Consider his most recent "major" foreign-policy speech, delivered last week in Washington, D.C. "There have always been those who argue that America shouldn’t concern herself with the affairs of the world—that what happens an ocean away bears little relevance to our people," he says early in the speech. "Thankfully, there have also always been those who ... argue that foreign policy is domestic policy, that our people’s interests and safety require defense capabilities so robust that they deter aggression and violence before they take hold ..."

That is one part of Rubio's ideology: America should spend so much on its military that no one ever messes with us. Isolationism will lead to more wars in the end. Most Americans believe that to a degree. I believe, for example, that we ought to spend more on our military than any other country. But for Rubio, spending more on military expenditures than all of our rivals combined still isn't enough.

Here's an example of how Rubio invokes history in dubious service of his ideology:

George Washington was one such leader. When he delivered the first ever State of the Union address, he asserted the need for American strength. “To be prepared for war,” he said, “is one of the most effectual means of preserving peace.” But many in Congress disagreed. They assumed our hard-won independence meant the threats of the Old World had finally become irrelevant—that domestic issues could at last occupy our full focus. So against Washington’s wishes, they cut our Navy’s funding, leading it to be decommissioned.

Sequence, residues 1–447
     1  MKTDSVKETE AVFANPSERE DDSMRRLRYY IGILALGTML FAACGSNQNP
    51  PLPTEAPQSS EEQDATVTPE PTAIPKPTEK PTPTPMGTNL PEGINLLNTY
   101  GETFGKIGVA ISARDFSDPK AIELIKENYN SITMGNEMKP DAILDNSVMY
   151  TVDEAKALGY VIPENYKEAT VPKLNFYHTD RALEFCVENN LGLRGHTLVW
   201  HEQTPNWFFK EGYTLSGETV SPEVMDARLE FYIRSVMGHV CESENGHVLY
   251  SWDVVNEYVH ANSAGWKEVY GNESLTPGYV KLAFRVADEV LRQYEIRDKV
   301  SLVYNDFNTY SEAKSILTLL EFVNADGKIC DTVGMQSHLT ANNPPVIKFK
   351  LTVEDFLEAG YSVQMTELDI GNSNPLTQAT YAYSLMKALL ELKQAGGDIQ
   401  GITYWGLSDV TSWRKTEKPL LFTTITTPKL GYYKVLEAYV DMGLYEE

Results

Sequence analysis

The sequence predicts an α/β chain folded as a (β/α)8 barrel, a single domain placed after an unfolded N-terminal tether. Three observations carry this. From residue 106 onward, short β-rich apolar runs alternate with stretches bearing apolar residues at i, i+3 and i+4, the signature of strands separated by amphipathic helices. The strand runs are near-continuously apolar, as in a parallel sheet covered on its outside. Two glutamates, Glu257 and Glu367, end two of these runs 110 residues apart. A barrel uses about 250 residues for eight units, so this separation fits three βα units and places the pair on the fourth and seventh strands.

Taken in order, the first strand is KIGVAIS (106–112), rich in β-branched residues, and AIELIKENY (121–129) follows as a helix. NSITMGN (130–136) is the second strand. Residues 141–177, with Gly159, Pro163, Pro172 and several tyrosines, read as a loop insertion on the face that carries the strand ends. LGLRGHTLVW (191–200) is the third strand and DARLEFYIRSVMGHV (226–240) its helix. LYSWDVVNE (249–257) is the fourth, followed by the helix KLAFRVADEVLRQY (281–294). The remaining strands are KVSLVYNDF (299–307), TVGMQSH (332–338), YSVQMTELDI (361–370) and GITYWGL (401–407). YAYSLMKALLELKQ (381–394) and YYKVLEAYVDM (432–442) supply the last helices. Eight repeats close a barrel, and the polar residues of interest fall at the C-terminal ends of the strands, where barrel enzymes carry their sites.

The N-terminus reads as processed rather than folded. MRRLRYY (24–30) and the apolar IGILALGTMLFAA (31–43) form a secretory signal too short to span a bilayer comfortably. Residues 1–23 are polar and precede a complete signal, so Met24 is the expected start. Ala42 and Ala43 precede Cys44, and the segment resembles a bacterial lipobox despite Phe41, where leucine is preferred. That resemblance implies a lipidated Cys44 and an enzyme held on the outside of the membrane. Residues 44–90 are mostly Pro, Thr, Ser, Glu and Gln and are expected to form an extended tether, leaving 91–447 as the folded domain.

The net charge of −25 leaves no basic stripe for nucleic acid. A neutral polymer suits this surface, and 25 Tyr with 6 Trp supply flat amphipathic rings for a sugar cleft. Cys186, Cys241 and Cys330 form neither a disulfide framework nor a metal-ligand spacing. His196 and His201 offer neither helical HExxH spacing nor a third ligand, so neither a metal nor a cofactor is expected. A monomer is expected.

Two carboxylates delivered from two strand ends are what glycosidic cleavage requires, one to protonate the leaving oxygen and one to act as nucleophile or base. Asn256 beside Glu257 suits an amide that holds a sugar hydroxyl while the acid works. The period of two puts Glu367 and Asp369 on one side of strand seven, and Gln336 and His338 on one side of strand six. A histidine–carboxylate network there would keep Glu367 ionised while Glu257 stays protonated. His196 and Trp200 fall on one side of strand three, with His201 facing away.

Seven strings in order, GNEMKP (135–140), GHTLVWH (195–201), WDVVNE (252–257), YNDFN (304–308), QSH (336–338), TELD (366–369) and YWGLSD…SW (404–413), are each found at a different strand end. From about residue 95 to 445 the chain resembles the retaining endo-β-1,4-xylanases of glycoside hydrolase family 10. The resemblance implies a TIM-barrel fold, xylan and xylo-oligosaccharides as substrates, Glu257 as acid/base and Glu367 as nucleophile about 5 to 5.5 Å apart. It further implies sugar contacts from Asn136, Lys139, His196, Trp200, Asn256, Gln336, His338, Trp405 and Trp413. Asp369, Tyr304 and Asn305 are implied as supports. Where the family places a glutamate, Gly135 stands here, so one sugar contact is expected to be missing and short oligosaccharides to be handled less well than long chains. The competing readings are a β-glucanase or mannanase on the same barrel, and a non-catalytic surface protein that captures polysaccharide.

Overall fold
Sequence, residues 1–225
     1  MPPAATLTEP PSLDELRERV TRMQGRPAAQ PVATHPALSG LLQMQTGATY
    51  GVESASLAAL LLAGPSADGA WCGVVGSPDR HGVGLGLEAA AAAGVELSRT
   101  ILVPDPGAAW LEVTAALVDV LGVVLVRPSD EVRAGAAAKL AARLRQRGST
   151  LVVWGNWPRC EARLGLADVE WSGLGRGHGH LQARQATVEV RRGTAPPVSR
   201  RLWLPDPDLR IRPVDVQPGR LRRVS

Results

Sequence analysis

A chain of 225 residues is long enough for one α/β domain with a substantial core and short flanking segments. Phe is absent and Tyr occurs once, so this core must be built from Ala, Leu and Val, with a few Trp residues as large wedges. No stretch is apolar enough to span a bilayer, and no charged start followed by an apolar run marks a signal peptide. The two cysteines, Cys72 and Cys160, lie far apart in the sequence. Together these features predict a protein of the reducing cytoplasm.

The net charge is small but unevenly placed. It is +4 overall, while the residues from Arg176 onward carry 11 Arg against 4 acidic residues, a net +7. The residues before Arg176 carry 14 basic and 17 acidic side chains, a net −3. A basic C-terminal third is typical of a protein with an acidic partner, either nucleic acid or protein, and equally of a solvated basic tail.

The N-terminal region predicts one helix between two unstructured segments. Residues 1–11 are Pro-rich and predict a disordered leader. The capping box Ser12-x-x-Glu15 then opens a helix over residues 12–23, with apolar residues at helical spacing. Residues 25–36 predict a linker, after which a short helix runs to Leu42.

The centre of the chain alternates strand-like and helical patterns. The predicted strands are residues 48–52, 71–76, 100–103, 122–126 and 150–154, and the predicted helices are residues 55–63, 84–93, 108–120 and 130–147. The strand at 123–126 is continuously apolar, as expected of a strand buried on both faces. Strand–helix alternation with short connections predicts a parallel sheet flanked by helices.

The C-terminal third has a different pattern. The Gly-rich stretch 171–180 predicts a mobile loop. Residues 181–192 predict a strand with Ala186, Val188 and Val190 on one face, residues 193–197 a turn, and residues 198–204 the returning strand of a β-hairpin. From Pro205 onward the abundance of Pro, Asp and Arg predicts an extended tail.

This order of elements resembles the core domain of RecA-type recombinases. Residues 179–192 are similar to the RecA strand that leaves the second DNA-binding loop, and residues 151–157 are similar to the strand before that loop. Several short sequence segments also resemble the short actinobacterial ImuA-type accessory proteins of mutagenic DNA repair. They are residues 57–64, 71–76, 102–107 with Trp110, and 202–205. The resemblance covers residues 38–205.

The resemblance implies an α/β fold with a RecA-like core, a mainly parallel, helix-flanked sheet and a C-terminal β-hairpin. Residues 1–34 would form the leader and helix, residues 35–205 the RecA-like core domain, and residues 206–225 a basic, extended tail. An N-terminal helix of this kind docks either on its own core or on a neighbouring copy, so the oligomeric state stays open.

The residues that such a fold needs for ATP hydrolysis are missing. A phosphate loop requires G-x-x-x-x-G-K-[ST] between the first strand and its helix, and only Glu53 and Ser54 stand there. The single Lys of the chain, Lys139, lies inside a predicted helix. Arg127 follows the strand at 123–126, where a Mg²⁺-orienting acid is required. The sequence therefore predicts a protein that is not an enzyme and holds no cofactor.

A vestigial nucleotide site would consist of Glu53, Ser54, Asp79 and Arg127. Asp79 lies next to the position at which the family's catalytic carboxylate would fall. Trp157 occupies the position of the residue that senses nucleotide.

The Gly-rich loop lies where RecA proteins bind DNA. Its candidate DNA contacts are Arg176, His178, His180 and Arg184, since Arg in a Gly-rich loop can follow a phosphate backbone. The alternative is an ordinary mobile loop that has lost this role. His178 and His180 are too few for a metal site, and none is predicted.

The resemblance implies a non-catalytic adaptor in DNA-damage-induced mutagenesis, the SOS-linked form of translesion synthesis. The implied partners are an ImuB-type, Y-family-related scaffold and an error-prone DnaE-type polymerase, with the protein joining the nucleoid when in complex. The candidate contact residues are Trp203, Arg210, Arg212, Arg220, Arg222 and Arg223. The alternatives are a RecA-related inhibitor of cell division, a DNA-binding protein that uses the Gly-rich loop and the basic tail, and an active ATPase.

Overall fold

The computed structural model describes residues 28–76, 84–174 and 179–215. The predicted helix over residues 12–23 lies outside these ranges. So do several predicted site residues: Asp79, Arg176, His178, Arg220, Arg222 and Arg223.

The consequence of this move was devastating, and the lesson it taught our nation still applies today. At that time, America’s economy relied heavily on trade with Europe. But without a navy, our merchant vessels fell easy prey to a force of thievery and terror known as the Barbary pirates. Off the coasts of Africa and Europe, they attacked, killed, and enslaved our sailors. They plundered our ships and demanded exorbitant bribes, dealing a blow to our economy at home. But there was nothing we could do. America was defenseless.